When it comes to business financing, the past two years have had a Wild West feel to them. There were companies funded by venture capitalists and taken public in a matter of months, firms whose valuations soared heavenward at light speed, and entrepreneurs in their twenties cashing in on ventures they founded in their dorm rooms.
Then reality hit. Venture capitalists slammed on the brakes, and banks snapped their purse strings shut. Now hundreds of young companies and would-be entrepreneurs are left with start-up and expansion hunger pangs and no clear idea how to satisfy them.
While firms that are more established can turn to the $5 trillion in nonventure private equity available from brokers/dealers, private bankers and qualified institutional buyers, start-ups-especially those not located in the traditional investment hotbeds-will likely need to fall back on an old standby: the $30 billion angel investor arena.
The good news is, today's angel investors are much easier to find than their predecessors, because a growing number of them have created formal and informal networks. Even more encouraging is that a number of these groups are popping up in nontraditional regions.
According to Carol Sands, founder of Angels' Forum LLC in Palo Alto, California, these angel funds or networks fall into three basic categories:
1. There are "social clubs," which bring angels together to view a high volume of companies and then allow investors to execute their own investment deals. This format is a little less personal, and it places the onus on entrepreneurs to make presentations that stand out.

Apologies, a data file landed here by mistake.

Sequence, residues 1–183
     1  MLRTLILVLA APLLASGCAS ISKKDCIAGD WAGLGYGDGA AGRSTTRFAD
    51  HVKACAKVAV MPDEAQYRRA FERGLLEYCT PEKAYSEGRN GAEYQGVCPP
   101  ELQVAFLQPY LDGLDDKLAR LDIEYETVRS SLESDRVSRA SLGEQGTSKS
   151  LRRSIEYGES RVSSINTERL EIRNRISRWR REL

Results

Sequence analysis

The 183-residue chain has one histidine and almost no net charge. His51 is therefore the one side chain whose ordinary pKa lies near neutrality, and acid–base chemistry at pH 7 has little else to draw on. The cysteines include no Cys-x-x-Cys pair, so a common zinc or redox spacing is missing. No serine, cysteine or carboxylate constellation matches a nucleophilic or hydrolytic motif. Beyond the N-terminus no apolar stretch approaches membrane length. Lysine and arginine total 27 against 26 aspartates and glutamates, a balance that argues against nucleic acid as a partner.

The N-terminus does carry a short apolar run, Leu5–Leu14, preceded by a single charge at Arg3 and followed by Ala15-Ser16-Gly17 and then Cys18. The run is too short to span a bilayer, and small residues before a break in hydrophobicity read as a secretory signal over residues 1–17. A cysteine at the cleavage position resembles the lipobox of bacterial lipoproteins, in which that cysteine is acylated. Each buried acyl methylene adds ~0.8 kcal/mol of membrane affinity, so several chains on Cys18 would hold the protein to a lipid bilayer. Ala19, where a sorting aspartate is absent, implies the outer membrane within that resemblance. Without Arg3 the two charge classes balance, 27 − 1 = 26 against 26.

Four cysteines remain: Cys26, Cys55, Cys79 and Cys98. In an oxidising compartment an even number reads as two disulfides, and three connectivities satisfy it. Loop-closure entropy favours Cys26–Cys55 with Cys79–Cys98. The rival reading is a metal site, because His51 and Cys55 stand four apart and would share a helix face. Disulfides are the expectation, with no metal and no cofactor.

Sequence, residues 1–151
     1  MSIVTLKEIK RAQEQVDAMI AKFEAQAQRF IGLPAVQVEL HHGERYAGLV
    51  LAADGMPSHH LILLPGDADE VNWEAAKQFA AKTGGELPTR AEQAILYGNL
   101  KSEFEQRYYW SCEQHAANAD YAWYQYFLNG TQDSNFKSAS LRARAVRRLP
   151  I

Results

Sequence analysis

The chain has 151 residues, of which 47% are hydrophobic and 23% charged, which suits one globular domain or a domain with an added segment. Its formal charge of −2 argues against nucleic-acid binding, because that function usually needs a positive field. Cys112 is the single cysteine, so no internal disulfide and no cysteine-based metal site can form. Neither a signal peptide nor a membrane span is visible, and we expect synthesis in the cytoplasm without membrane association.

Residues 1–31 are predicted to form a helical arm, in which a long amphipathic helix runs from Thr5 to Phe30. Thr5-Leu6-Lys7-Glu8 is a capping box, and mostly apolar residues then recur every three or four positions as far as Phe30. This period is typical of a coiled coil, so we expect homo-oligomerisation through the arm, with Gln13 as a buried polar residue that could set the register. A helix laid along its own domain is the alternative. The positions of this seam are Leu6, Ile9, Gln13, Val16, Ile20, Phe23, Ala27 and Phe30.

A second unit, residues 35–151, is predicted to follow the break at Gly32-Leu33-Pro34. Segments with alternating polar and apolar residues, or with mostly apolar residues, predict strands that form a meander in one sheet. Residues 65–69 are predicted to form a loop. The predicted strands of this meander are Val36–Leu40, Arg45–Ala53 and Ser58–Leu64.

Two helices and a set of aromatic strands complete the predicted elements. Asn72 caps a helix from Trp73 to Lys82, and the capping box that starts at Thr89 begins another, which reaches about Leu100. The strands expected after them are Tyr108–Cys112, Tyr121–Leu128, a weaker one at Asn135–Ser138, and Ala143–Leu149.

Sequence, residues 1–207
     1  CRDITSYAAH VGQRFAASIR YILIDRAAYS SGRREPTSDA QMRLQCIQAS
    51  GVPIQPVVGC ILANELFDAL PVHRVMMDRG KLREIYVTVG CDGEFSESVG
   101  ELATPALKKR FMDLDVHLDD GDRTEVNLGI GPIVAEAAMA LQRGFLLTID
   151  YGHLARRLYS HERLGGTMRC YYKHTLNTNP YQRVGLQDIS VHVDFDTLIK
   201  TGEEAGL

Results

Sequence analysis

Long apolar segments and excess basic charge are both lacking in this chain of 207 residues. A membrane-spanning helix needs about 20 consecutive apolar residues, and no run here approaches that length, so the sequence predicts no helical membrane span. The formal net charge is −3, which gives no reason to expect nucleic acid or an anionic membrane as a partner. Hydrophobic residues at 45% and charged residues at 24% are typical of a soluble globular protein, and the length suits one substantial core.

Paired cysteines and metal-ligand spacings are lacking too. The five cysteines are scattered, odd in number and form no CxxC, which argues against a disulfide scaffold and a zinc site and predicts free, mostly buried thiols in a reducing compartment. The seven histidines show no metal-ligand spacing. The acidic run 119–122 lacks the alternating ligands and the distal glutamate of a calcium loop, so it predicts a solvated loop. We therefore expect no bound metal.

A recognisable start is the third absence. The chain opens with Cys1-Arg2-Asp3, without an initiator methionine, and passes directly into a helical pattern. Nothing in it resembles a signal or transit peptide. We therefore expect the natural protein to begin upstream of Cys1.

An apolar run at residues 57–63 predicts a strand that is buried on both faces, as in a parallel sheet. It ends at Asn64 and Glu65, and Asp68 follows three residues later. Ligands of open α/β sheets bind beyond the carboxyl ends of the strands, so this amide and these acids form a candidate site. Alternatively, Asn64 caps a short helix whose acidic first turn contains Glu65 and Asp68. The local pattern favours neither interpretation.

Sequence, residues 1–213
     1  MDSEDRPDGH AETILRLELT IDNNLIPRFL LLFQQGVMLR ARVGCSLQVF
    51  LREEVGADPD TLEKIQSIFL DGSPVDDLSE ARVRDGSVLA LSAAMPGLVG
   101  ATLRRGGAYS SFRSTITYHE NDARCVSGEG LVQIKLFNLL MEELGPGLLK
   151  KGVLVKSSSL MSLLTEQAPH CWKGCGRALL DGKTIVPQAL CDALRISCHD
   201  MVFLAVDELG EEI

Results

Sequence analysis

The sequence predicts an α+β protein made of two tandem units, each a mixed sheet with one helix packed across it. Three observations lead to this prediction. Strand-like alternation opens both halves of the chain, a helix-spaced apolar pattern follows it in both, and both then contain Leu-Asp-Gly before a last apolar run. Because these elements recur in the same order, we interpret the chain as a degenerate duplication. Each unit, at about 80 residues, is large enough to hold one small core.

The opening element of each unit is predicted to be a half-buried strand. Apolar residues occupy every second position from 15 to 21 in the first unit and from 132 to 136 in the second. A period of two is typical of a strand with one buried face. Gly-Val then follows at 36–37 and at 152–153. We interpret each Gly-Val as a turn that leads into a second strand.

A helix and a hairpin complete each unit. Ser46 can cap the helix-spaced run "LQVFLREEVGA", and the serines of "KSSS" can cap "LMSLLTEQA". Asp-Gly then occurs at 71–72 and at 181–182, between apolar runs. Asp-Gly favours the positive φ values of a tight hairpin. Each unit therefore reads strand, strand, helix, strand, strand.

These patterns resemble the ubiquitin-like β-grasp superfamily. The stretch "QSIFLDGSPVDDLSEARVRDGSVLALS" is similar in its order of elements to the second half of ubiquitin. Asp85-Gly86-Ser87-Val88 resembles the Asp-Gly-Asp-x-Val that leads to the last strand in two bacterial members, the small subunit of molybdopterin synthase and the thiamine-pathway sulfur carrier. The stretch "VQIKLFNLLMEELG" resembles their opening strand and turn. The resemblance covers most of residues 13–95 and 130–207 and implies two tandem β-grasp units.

2. There are those that are organized and run like funds, where angels put up a certain dollar amount upfront and one individual manages the process and selects companies to present at regular meetings. Sands says these groups typically invest as a single entity but don't do follow-up work with the company; their only interest is the cash-investment relationship.
3. The final format, into which Angels' Forum falls, is a fund that utilizes a venture capital structure and process, but instead of investing other people's money, they invest their own. These groups invest in companies as a single unit, typically require a board seat and provide continuous assistance. For instance, at Beverly Hills, California-based Idealflow Angel Fund LLC, which targets technology companies nationwide, assistance comes in the form of a "virtual incubator."
These are the basic structures of the new networks, but there are also hybrids like Arizona Angels Investor Network Inc. According to Greg Cobb, managing director of the Scottsdale, Arizona, network, entrepreneurs interested in securing funding from his group must find a lead investor, who doesn't have to be a member of the network. That person handles due diligence, negotiates on behalf of interested investors, and is responsible for taking care of the LLC formed to invest in the business.
For more information on nontraditional angel financing, check out "Angel Funds and Networks".